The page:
This medicine is not to be used every day. Do not use this medicine for more than 1 episode every 5 days or more than 5 episodes per month.

If a second dose is needed, use it at least 4 to 12 hours after the first dose..

This medicine will need to be given to you while you are having a seizure. A family member or other caregiver will give the medicine to you since you will most likely be unable to give it to yourself.

For caregivers administering this medicine:

This medicine comes in a prefilled plastic applicator. Remove the cap from the prefilled applicator before inserting it. To make the applicator easier to insert, use the lubricating gel that came with the medicine.

Before using the Diastat® Acudial™ syringe, make sure you can see the prescribed dose in the dose display window and that it is correct. Also, look for the green "ready" band on the syringe before inserting it. If the dose is not correct, or if the green band is not on the syringe, call your doctor or pharmacist right away.

Dosing

The dose of this medicine will be different for different patients. Follow your doctor's orders or the directions on the label. The following information includes only the average doses of this medicine. If your dose is different, do not change it unless your doctor tells you to do so.

The amount of medicine that you take depends on the strength of the medicine. Also, the number of doses you take each day, the time allowed between doses, and the length of time you take the medicine depend on the medical problem for which you are using the medicine.

Storage

Store the medicine in a closed container at room temperature, away from heat, moisture, and direct light. Keep from freezing.

Keep out of the reach of children.

Do not keep outdated medicine or medicine no longer needed.

Ask your healthcare professional how you should dispose of any medicine you do not use.

Drop off any unused narcotic medicine at a drug take-back location right away. If you do not have a drug take-back location near you, flush any unused narcotic medicine down the toilet. Check your local drug store and clinics for take-back locations. You can also check the DEA web site for locations. Here is the link to the FDA safe disposal of medicines website: www.fda.gov/drugs/resourcesforyou/consumers/buyingusingmedicinesafely/ensuringsafeuseofmedicine/safedisposalofmedicines/ucm186187.htm

Precautions while using diazepam

It is very important that your doctor check your progress at regular visits to make sure this medicine is working properly and to check for unwanted effects.

Tell your doctor if you are pregnant or planning to become pregnant. Using this medicine during the later pregnancy may cause problems in your newborn baby (eg, sedation or withdrawal symptoms). Tell your doctor right away if your baby has an abnormal sleep pattern, diarrhea, feeding problems, a high-pitched cry, irritability, low muscle tone, restlessness, shakiness or tremors, sluggishness, trouble breathing, weight loss, vomiting, or fails to gain weight. If you think you have become pregnant while using the medicine, tell your doctor right away.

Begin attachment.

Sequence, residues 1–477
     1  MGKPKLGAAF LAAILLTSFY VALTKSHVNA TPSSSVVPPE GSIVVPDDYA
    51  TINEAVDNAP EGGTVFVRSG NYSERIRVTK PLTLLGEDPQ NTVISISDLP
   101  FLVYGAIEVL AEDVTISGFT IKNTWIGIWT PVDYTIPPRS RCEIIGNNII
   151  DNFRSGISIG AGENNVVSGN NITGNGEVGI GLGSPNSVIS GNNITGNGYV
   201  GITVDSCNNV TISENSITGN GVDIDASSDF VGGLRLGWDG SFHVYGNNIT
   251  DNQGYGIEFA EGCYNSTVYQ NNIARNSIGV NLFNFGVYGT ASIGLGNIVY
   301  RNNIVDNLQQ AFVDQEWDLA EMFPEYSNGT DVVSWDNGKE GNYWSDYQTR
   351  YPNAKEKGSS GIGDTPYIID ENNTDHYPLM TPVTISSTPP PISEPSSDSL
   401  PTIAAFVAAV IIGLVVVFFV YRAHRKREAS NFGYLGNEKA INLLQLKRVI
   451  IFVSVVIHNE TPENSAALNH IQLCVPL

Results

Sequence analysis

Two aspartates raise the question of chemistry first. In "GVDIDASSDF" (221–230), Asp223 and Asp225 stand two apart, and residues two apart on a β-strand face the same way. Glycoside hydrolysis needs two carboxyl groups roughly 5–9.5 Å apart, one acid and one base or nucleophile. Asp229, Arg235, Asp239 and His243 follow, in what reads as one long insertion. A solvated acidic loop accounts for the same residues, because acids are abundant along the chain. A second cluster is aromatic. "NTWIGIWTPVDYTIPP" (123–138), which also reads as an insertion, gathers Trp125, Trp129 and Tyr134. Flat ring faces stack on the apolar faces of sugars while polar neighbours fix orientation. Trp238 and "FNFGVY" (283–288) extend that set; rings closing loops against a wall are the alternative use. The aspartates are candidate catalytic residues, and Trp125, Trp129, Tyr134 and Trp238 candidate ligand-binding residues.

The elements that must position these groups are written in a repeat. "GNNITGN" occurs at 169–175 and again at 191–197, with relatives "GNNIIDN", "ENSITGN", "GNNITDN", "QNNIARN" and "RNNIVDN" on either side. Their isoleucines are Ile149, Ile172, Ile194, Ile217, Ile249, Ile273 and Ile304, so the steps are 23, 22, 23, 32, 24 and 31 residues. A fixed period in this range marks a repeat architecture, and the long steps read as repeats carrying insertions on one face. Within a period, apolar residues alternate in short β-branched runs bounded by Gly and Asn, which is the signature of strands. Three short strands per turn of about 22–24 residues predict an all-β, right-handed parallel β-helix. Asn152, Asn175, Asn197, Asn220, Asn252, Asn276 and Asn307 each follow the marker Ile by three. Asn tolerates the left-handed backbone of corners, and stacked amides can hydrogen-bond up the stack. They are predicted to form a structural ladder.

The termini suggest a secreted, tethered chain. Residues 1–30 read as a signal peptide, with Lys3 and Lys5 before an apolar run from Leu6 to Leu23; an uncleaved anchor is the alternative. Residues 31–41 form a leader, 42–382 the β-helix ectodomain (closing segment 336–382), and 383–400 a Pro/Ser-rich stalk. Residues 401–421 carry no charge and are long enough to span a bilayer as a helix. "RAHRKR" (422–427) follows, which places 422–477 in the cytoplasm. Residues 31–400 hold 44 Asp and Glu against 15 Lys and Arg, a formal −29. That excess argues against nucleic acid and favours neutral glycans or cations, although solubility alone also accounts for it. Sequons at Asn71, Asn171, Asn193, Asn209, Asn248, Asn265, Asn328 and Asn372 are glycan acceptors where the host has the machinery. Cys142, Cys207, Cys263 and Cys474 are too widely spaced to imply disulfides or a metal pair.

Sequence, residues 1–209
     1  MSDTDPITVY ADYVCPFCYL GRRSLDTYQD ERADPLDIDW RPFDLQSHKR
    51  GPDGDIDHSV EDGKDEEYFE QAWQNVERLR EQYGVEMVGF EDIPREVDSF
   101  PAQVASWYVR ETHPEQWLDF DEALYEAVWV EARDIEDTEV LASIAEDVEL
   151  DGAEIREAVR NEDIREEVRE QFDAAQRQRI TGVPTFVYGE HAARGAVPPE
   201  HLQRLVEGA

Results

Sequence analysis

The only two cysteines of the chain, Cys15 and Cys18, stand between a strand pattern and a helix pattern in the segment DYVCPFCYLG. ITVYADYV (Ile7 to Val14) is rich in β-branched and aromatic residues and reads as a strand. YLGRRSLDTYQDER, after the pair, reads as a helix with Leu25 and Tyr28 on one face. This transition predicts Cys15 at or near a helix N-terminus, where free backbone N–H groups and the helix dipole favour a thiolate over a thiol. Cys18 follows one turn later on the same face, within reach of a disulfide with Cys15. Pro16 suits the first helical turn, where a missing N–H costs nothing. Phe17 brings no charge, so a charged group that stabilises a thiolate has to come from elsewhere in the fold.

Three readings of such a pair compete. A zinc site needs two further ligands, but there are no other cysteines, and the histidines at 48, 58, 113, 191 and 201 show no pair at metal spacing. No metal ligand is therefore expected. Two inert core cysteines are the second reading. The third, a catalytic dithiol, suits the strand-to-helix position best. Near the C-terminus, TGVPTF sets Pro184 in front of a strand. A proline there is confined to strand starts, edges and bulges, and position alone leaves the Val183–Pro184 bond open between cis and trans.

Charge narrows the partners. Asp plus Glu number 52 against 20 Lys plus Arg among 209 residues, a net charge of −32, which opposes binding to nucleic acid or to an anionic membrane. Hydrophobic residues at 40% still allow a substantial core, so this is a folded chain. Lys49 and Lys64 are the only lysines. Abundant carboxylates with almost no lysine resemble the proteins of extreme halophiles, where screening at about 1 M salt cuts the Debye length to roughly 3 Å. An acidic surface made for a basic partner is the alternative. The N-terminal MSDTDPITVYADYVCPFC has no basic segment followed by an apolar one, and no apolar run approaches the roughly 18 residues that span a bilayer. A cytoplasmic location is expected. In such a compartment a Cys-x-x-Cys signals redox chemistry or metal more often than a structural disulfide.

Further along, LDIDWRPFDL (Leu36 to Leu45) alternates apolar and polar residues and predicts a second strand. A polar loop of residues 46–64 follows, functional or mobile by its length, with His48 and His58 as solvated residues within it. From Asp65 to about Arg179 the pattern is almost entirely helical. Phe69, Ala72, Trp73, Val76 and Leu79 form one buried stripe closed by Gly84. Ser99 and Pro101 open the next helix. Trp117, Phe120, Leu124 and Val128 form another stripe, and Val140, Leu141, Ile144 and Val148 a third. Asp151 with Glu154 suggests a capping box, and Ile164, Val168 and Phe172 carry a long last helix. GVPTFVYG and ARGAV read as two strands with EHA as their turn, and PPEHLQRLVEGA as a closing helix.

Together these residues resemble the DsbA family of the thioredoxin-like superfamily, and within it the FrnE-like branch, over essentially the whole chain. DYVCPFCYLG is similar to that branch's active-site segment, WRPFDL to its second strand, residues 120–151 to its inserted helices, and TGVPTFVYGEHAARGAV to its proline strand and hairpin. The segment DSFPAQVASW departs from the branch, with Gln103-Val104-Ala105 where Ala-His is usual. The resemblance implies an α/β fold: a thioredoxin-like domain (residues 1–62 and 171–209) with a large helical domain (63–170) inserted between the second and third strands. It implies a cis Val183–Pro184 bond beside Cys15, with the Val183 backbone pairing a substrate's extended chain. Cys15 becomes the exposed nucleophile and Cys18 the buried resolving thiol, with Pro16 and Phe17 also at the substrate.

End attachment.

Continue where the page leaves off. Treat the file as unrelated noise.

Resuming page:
This medicine will add to the effects of alcohol and other CNS depressants (medicines that slow down the nervous system, possibly causing drowsiness). Some examples of CNS depressants are antihistamines or medicine for hay fever, other allergies, or colds, sedatives, tranquilizers, or sleeping medicine, prescription pain medicine or narcotics, barbiturates (used for seizures), muscle relaxants, or anesthetics (numbing medicines), including some dental anesthetics. This effect may last for a few days after you stop taking this medicine. Check with your doctor before taking any of the above while you are using this medicine.

Do not change your dose or stop taking this medicine without checking first with your doctor. Your doctor may want you or your child to gradually reduce the amount you are using before stopping it completely. This may help prevent a worsening of your seizures and reduce the possibility of withdrawal symptoms, including hallucinations, stomach or muscle cramps, sweating, tremors, or unusual behavior.

Symptoms of an overdose include: change or loss of consciousness, confusion, lack of coordination, or sleepiness or unusual drowsiness. Call your doctor right away if you notice these symptoms.

This medicine may cause some people, especially older persons, to become drowsy, dizzy, lightheaded, clumsy, unsteady, or less alert than they are normally. Make sure you know how you react to diazepam before you drive, use machines, or do anything else that could be dangerous if you are not alert or able to think or see well.

Call your doctor right away:

This medicine may be habit-forming. If you feel that the medicine is not working as well, do not use more than your prescribed dose. Call your doctor for instructions.

Do not take other medicines unless they have been discussed with your doctor. This includes prescription or nonprescription (over-the-counter [OTC]) medicines and herbal or vitamin supplements.

Side Effects of diazepam

Along with its needed effects, a medicine may cause some unwanted effects. Although not all of these side effects may occur, if they do occur they may need medical attention.

Check with your doctor immediately if any of the following side effects occur:

Less common

Rare

Get emergency help immediately if any of the following symptoms of overdose occur:

Symptoms of overdose

Some side effects may occur that usually do not need medical attention. These side effects may go away during treatment as your body adjusts to the medicine. Also, your health care professional may be able to tell you about ways to prevent or reduce some of these side effects. Check with your health care professional if any of the following side effects continue or are bothersome or if you have any questions about them:

Less common

Rare

Other side effects not listed may also occur in some patients. If you notice any other effects, check with your healthcare professional.

Call your doctor for medical advice about side effects. You may report side effects to the FDA at 1-800-FDA-1088.

Commonly used brand name(s)

In the U.S.

Available Dosage Forms:

Therapeutic Class: Anticonvulsant

Pharmacologic Class: Benzodiazepine, Long Acting

Further information

Always consult your healthcare provider to ensure the information displayed on this page applies to your personal circumstances.